Social, cultural and community engagement and mental health: Cross-disciplinary, co-produced research agenda

Daisy Fancourt*, Kamaldeep Bhui, Helen Chatterjee, Paul Crawford, Geoffrey Crossick, Tia Denora, Jane South

*Corresponding author for this work

Research output: Contribution to journalArticlepeer-review

2 Citations (Scopus)

Abstract

Background There is increasing cross-disciplinary research on the relationship between individuals' social, cultural and community engagement (SCCE) and mental health. SCCE includes engagement in the arts, culture and heritage, libraries and literature, sports and nature activities, volunteering, and community groups. Research has demonstrated the effects of these activities both on the prevention and management of mental illness. However, it remains unclear whether current research is focusing on the research questions that are of most immediate urgency and relevance to policy and practice. Aims The current project was funded as part of the UK Research and Innovation cross-disciplinary mental health network programme to develop and co-produce a new cross-disciplinary research agenda on SCCE and mental health. Method Established processes and principles for developing health research agendas were followed, with a six-phase design including engagement with over 1000 key stakeholders, consultations, integration of findings and collective prioritisation of key questions. Results We identified four core themes: the mode of engagement, process of engagement, impact of engagement and infrastructure required to facilitate engagement. There were many points of agreement across all stakeholder groups on the priority questions within these themes, but also some specific questions of relevance to different sectors. Conclusions This agenda is particularly timely given the extreme pressure on mental health services predicted to follow the current COVID-19 pandemic. It is important to identify how resources from other sectors can be mobilised, and what research questions are going to be most important to fund to support SCCE for mental health.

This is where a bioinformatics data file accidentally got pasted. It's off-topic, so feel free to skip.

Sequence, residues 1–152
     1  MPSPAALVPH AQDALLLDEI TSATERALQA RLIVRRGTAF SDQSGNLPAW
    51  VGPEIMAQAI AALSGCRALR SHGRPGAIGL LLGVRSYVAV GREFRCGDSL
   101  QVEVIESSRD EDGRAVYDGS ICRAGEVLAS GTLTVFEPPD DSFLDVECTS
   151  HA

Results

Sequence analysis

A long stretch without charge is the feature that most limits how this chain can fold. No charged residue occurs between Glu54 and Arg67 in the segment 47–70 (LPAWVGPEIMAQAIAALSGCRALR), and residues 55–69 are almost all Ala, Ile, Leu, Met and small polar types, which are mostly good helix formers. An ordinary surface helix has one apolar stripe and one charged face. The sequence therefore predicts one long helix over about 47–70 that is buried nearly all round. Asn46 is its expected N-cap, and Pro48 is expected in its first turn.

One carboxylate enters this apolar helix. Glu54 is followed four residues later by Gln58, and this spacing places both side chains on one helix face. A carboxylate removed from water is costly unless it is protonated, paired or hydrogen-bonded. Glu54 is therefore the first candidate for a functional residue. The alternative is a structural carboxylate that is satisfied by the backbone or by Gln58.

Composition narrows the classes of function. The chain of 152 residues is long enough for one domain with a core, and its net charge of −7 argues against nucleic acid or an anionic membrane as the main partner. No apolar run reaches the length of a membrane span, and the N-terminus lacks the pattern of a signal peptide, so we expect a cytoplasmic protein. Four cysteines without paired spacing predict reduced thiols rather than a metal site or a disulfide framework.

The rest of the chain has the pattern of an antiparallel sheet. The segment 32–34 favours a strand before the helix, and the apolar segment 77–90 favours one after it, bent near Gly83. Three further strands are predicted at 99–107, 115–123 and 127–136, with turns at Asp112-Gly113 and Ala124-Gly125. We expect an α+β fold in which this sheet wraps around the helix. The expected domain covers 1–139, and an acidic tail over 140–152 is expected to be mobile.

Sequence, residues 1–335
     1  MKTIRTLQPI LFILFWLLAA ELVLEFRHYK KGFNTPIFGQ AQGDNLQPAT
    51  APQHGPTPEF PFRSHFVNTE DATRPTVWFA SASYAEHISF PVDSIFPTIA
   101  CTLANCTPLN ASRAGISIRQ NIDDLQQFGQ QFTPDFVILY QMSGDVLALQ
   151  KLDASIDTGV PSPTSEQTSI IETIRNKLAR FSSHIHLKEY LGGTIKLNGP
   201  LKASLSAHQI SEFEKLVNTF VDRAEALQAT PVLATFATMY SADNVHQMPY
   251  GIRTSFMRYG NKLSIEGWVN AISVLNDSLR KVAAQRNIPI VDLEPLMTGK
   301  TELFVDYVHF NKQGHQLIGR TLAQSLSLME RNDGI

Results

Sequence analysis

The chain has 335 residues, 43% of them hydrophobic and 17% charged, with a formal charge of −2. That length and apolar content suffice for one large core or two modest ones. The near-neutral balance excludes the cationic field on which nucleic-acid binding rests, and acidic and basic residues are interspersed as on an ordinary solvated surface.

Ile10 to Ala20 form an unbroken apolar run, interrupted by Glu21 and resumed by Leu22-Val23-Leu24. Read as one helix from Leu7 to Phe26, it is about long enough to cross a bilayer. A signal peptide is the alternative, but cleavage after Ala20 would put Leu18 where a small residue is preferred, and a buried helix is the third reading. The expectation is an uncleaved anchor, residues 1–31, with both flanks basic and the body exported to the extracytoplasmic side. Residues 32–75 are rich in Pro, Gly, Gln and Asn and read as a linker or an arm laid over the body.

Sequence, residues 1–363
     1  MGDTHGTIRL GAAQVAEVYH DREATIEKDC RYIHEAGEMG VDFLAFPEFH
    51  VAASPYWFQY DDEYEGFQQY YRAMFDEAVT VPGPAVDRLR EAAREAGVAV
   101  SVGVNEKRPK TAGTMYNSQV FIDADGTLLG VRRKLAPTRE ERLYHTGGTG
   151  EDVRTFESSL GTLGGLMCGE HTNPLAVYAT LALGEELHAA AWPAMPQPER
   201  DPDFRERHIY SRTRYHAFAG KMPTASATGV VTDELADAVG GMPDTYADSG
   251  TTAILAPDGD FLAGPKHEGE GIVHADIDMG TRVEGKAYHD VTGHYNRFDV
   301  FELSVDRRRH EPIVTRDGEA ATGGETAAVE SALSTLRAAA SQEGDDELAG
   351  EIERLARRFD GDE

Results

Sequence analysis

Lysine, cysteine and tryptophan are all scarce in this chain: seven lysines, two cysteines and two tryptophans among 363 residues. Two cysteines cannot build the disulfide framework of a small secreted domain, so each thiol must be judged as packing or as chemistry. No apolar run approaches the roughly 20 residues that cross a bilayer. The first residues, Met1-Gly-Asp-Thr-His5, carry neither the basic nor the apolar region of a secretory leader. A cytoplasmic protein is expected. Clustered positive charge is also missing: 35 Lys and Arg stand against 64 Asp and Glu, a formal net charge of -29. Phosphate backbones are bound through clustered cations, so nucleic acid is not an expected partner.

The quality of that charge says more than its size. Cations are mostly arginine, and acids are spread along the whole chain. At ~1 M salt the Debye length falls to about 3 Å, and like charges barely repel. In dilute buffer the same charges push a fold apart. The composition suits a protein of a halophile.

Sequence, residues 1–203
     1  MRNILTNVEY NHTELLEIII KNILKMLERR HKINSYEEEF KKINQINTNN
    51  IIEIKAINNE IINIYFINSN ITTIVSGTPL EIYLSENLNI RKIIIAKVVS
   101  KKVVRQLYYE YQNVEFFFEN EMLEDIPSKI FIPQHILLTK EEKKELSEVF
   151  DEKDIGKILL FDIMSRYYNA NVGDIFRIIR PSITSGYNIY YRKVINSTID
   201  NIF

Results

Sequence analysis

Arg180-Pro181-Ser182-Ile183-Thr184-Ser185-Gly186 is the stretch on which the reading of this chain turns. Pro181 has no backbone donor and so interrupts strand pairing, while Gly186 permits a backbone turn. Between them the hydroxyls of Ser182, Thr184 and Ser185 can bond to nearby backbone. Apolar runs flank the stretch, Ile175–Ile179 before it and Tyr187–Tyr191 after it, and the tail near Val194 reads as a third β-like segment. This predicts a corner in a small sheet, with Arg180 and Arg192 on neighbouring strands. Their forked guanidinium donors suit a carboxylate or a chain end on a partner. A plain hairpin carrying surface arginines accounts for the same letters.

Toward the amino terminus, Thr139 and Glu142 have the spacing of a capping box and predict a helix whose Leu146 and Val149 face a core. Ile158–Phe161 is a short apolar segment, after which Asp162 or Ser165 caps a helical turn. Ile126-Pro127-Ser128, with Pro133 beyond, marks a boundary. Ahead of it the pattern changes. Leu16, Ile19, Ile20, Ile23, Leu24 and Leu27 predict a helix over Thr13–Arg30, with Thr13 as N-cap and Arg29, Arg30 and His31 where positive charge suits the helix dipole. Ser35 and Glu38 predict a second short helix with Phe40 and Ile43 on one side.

Original languageEnglish
Article numbere3
JournalBJPsych Open
Volume7
Issue number1
DOIs
Publication statusPublished - 2020
Externally publishedYes

Bibliographical note

Funding Information:
The work was carried out as part of the MARCH Mental Health Network, funded by the Cross-Disciplinary Mental Health Network Plus initiative supported by UK Research and Innovation (grant ES/S002588/1).

Publisher Copyright:
Copyright © The Author(s), 2020. Published by Cambridge University Press on behalf of the Royal College of Psychiatrists.

Keywords

  • community mental health
  • cultural
  • Psychosocial interventions
  • research agenda
  • social

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